By December 1903, there were 45 cabmen’s shelters scattered throughout London, serving some 4,000 cabmen every day. Although the project clearly worked, it wasn’t quite the self-perpetuating scheme the Fund’s creators had hoped for. Summer months, for example, when the weather was fine some shelters lost money. Fund lamented, “It is a matter of regret that the work should be carried on under the disadvantages of insufficient income.” However, the number of cabmen’s shelters continued to rise but it’s unclear how many there were exactly at the height of their popularity; some figures claim 61, one cab driver I spoke to put the number at over 100.
Between 1890 and 1911 the focus had shifted towards upkeep and repair of existing shelters and consequently only seven new structures were built over the period.
London’s crowded streets would change in a way that would eventually doom the shelters. In 1903 the first gas-powered motorcars, French imports, took to the road. Over the next fifteen years the motorcar taxi trade grew. The name “taxi” came from the “taximeter”, the device that measured the distance the vehicle travelled.
Many horses were requisitioned during World War I, the motorcar dominated the cab trade and the need for cabmen’s shelters was necessarily decreased. The last horse cab on London’s streets was taken out of service in 1947.
Cabbie Shelter Design
There are a number of differently designed Cabmen’s Shelters as several architects have been involved in the project over the years. A lost example of an ornate double-tiered shelter decorative finials once stood outside the Law Courts on The Strand.
Where can I see a Cabman’s Shelter?
There are currently only 13 cabmen’s shelters in existence, 12 of them are still in operation. In the early 1990s, the Heritage of London Trust helped the Cabbie Shelter Fund to refurbish seven of these shelters.
If you don’t know what cabbie shelters are, they are the small green cricket-pavilion-style sheds dotted around London.
I have added some photos on the episodes show notes at londonguidedwalks.co.uk/podcast and click on episode 56 The Black Cab’s Legacy.
I have put together a map for you to see their location which you can share to your phone and use to find them for yourself. All of these remaining shelters are now Grade II.
It’s perhaps the Embankment Place cabbie shelter many of you may have seen before. It’s on the corner of the Embankment and Northumberland Avenue, a stone’s throw from the Playhouse Theatre. Following a competition in 1881, Maximilian Clarke was appointed to design a shelter for Northumberland Avenue. The key features of their design included a steeply pitched hipped roof, overhanging eaves with exposed rafters and decorative fretwork panels integrated into the main timber frame which feature ribboned garlands and the ‘CSF’ monogram. This particular shelter was replaced in 1915.
Northumberland Avenue is so named as it was once the London home of the Dukes of Northumberland, overlooking the Thames. A fire in 1866 caused considerable damage to the property that when the Metropolitan Board of Works offered to buy it for £500,000, the Duke jumped at the chance.
You may notice that Northumberland is rather an unusually wide London road. In mid-Victorian London, planning permission for hotels were set for them to be no taller than the width of the road they stood on and since the plan was to build some of London’s largest and grandest hotels here, this short road is very wide.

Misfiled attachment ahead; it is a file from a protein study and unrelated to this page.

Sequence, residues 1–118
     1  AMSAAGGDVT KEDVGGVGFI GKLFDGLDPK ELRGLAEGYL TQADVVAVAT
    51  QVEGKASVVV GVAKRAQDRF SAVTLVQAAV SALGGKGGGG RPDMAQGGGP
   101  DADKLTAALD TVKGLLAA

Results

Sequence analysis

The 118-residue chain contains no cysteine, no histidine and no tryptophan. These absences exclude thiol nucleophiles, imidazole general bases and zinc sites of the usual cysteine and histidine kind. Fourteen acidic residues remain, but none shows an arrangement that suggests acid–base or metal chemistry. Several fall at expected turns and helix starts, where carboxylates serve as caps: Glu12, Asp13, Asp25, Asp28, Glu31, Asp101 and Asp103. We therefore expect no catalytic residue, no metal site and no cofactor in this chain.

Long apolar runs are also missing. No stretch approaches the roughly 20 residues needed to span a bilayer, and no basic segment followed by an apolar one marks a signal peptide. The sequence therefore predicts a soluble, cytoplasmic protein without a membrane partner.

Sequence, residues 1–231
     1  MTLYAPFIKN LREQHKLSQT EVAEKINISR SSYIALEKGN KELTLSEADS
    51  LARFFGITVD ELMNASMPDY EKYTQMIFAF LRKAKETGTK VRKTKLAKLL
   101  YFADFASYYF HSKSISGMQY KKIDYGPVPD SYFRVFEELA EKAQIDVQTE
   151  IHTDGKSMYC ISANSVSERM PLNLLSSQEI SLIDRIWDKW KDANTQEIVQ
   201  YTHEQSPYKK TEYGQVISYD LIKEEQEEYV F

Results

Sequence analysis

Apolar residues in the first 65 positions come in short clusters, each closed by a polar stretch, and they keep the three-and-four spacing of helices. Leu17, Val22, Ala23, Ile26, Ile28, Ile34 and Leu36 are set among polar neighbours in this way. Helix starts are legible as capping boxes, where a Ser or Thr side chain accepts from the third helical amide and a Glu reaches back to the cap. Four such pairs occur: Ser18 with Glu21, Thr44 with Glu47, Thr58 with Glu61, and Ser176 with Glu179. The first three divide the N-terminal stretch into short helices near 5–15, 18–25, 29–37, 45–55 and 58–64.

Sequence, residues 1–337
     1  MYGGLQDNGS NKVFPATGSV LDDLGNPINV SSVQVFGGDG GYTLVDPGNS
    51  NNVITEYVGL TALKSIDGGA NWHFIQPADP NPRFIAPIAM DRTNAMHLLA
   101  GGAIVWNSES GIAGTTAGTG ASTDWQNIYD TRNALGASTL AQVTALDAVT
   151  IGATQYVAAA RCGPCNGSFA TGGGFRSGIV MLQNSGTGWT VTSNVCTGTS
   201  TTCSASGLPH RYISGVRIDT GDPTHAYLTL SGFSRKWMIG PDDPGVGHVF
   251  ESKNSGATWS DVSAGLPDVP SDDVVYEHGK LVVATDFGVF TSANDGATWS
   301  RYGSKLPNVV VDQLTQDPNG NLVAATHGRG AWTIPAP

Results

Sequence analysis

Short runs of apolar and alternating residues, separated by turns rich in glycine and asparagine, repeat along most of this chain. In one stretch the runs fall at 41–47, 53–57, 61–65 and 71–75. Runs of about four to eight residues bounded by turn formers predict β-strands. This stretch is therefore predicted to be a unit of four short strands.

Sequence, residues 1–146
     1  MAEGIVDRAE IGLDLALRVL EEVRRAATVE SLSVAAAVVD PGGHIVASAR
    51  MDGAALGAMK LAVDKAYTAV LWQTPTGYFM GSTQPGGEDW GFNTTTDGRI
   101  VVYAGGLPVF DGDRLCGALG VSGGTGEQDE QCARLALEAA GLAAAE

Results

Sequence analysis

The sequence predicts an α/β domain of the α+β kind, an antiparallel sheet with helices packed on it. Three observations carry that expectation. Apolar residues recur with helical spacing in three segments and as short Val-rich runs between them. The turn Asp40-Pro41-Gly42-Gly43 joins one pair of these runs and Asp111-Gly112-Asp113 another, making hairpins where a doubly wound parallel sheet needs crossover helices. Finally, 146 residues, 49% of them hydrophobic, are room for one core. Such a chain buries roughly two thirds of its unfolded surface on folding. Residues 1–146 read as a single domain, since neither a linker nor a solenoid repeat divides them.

This Chelsea Embankment SW3 shelter overlooks the Albert Bridge and must have one of the most romantic locations for what is basically a greasy spoon. Its nickname is ‘The Pier’ as close to Cadogan Pier. In the 1970s its nickname was ‘The Kremlin’ as it was known for hosting left-wing cabbies. Sadly it’s been closed for a number of years due to the lack of nearby parking for cab drivers.
List of remaining cabmen’s shelters:
Russell Square WC1 – NW Corner, SE corner for tiramisu
Thurloe Place, Kensington SW7 (opposite the V&A Museum)
Embankment Place WC2 – near the Playhouse Theatre
Warwick Avenue, London W9 (near Warwick Avenue tube station)
Grosvenor Gardens SW1 – W gardens
Kensington Park Road W11 – outside numbers 8-10
Kensington Road W8 – near Queen’s Gate SW7
Pont Street SW1 – close to Sloane Street junction
Temple Place WC2 – opposite Swiss Hötel Howard
Wellington Place NW8 (near Lord’s Cricket Ground)
Hanover Square, London W1 – NE corner
Chelsea Embankment, near to the Albert Bridge
The cabbie shelters are constructed directly on public highways and were not allowed to be no larger than the size of a horse and cart. Their efficient design made it possible to accommodate a small kitchen and enough space for 10 to 13 cabbies. I have even seen designs which incorporate a handy urinal, if you pardon the pun.
Why are cabbie shelters green?
Good question. If you have listened to episode 33 London’s Pillar Boxes, you would know that pillar boxes were originally green but were changed to an easier to notice red colour. However, these shelters weren’t for everyone so perhaps the green colour was more appropriate. Things, however, have changed. Even though only black cab drivers can enter a Cabbie’s shelter, the public are able to get a take away. My favourite for doing this is the one on Russell Square as there is plenty of seating around. And on the other side of Russell square there is a phone box crammed with tiramisu (it’s called Walkmisu) I kid you not, oooh and try their pistachio one. Mmmmmmm
Joseph Legge OBE JP was born in Willenhall in 1860 and founded Legge Locks in 1881, at the age of twenty.
The company adopted a novel trademark. While on holiday in the Isle of Man Mr Legge found himself studying the famous symbol of three legs. Struck by the design he was determined to adopt it as a trade mark; but it was not without the greatest difficulty that he secured permission.
The sign of the three legs is still used today and, in the post war period, was a symbol of his three sons actively engaged in the business.